Back to School: 3 Tips for Math in the Time of COVID

Aug 13, 2020

To say “back to school” will look a little different this year, might be an understatement! Across the country, schools are working with a tornado of different ideas and plans, some of which have yet to be solidified even today!

Some schools are going to be in-person. Some schools are going to be fully online. Some schools are going to have a hybrid option, with different groups that take turns throughout the week with a completely online day somewhere in between.

The hardest part of this, as a teacher, is the unknown, the uncertainty. We always plan for our school year – we set up our classrooms, we put name tags on desks in anticipation of eager young faces filling our classrooms, we prepare frantically for open house. We’ve always been able to prepare, even if it feels a bit chaotic leading up to that first day! 

But now, we can’t. We don’t know what to expect. If we knew what to expect, we could prepare and thrive. When life came to a screeching halt in March, we weren’t really prepared. I think most of us thought we’d be approaching this school year at least a few steps ahead of the game, but the unknowns are still there.

As we start the school year with this kind of uncertainty, I’d like to encourage you! Yes, everything is crazy, but if you think about it, usually about 10% of the current chaos is what is actually happening. The other 90%? It comes from how we react to it! 

Students want to be back in their classrooms. Students are craving the structure of school in their lives once again. So, while our stress levels may be high, how we react to the situations we face, and will face this fall, will ultimately affect our students’ perception of the events taking place.  

As educators, we have a passion for doing the best job we can to educate our students. And so, we naturally put a lot of stress on ourselves to make this happen. But as you think about this school year about to start, wherever you are, know that you can do this! You’ve got this. Will our lives and schools be forever changed because of COVID? Absolutely, but it isn’t going to be like this forever! And the way we react and the way we prepare is what will help get us through.

Math in the Time of COVID

B.C. (before COVID), you’d probably have your classroom perfectly planned, and at least mostly ready by now! Because we are facing a different set of concerns this year, I wanted to give you some tips for helping you keep the quality of your math instruction high, even as contact with students is going to be low.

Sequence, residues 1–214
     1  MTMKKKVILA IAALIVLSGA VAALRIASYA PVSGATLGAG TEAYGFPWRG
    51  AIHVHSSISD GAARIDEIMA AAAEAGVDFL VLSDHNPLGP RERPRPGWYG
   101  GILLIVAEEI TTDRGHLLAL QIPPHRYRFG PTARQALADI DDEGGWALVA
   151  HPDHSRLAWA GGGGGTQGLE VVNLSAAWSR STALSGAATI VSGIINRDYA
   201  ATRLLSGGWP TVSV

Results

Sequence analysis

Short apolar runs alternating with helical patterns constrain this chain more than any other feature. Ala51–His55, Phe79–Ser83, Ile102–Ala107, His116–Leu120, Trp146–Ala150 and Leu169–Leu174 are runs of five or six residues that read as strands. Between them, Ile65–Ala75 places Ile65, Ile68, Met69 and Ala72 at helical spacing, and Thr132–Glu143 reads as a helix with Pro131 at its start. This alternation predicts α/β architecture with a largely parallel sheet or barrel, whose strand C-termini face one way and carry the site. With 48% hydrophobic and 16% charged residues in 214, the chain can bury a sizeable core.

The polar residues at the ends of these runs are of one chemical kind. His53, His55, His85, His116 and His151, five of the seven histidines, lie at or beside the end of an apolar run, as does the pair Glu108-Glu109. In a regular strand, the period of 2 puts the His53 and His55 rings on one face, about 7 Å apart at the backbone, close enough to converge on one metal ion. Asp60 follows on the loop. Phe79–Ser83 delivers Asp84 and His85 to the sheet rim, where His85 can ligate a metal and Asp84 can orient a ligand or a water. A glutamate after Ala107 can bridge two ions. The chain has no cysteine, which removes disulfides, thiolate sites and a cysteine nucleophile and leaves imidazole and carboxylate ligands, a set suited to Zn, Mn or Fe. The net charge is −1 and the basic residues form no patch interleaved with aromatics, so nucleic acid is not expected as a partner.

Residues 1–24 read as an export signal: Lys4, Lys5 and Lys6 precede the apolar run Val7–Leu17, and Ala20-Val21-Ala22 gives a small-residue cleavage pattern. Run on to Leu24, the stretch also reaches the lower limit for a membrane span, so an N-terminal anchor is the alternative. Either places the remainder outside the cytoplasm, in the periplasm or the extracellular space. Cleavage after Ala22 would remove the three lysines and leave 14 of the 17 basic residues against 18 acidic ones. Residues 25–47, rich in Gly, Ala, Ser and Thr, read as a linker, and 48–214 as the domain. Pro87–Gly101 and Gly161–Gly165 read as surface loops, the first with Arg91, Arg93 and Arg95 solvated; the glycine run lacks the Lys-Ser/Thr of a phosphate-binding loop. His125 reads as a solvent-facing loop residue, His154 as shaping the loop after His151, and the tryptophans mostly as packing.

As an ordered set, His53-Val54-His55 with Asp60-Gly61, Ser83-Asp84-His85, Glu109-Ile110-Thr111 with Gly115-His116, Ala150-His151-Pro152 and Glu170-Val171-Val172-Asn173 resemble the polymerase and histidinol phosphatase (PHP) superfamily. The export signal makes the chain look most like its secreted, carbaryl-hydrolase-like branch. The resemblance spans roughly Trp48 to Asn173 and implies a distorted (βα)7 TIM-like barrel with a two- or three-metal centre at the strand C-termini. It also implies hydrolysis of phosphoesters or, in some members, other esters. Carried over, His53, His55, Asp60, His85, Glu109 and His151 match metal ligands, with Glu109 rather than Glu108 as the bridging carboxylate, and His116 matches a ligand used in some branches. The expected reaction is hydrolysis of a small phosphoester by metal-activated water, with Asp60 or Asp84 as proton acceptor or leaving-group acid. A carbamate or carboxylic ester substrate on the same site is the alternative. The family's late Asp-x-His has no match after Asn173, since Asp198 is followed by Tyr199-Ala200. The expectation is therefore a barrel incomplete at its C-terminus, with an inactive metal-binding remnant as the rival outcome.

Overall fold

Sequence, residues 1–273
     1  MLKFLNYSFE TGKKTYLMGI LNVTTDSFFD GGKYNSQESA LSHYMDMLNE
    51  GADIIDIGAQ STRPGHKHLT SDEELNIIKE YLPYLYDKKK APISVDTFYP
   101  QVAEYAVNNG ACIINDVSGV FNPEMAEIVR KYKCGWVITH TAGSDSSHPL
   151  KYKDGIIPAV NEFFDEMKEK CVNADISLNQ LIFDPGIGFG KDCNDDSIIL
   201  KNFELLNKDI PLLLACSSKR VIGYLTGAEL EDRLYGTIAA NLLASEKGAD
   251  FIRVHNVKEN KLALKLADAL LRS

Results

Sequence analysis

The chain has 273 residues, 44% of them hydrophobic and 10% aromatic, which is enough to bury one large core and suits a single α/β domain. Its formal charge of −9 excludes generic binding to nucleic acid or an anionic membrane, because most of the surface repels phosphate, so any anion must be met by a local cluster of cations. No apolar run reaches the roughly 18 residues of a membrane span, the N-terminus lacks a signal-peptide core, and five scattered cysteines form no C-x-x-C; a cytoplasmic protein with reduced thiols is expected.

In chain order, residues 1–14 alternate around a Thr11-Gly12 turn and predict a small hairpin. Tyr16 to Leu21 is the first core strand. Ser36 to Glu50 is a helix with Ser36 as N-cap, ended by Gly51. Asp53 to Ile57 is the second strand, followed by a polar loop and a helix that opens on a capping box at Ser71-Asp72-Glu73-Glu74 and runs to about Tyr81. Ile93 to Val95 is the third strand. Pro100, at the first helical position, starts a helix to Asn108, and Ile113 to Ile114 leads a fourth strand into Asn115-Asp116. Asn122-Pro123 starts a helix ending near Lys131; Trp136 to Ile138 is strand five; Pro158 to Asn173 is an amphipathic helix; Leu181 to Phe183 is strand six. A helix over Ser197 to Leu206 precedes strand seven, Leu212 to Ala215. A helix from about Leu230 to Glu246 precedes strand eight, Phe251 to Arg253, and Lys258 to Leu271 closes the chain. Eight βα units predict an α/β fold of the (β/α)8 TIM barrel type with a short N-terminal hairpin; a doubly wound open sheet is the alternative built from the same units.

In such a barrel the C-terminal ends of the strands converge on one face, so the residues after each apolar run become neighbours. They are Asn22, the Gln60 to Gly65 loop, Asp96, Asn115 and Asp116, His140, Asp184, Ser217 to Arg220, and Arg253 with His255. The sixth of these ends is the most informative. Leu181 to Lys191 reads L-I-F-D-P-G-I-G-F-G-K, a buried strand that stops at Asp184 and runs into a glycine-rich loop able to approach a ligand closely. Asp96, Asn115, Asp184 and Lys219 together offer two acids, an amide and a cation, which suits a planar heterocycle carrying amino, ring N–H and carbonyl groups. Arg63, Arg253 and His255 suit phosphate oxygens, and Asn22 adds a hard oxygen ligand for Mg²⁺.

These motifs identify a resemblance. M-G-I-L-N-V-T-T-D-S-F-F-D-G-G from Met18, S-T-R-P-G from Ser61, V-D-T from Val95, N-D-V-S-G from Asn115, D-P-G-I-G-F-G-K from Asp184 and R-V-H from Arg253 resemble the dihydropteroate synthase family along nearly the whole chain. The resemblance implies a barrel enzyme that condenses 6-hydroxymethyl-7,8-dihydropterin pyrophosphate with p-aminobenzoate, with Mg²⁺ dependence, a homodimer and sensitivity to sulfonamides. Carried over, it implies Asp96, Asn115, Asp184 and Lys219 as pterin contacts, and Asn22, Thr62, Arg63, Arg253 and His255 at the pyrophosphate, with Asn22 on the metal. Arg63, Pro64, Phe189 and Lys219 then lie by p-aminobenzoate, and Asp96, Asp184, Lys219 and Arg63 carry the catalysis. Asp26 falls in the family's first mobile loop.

Math Manipulatives

We all know the power of manipulatives for helping students develop a concrete understanding of a strategy. The schools we work with in Michigan religiously use their Math Salad Bars, those multi-drawer units that house the manipulatives needed for the current math unit. However, we also know how many kids touch those things on a daily basis! Who has time to wash those individual unifix cubes after each student uses them?

Instead, try a Portable Math Salad Bar! Gather only the essential tools, the most universal manipulatives, that a student might need and place them in bags, labelled for individual use only. Some teachers used dollar store plastic tubs and numbered them. You can get as creative as you want!

This idea works regardless of whether you are going back in-person or virtually. In school, students can grab their own bag and they are the only person touching those particular manipulatives. Even if they’re playing a game with another student, they’ll have their own counters to use, and the other student will have his or her own. They’ll each have their own set of dice to roll, and so you can continue using mathematical centers in a safer manner that minimizes contact.

If your students are virtual, they can have their bag of manipulatives with them and still participate if they’re on a video call. For example, we have a whole new series of place value basics activities (Check them out in our store!) that includes a presentation that shows students exactly how to manipulate their place value strips. They can do the activities right along with you and they can show you their work to demonstrate their understanding. Students can also continue to practice math concepts by playing games with their family.

A few ideas/suggestions to include in a Portable Math Salad Bar:

  • Younger grades – Include unifix cubes, two sets of 10 clear counters (each a different color)
  • 2nd grade – We included a small set of place value strips with whole numbers, and enough place value discs for students to have a variety available for different lessons that they would be using with their teacher.
  • 5th grade – We included decimal tiles and decimal discs, along with other basic manipulatives like counters and dice.

Virtual manipulatives are also a viable option, and I’m a huge fan of using those, but we know that nothing can replace that hands-on experience and exploration which is so vital for kids in elementary school and their success in numeracy and number sense. 

Show What They Know with Accountability Sheets

deck o dots duel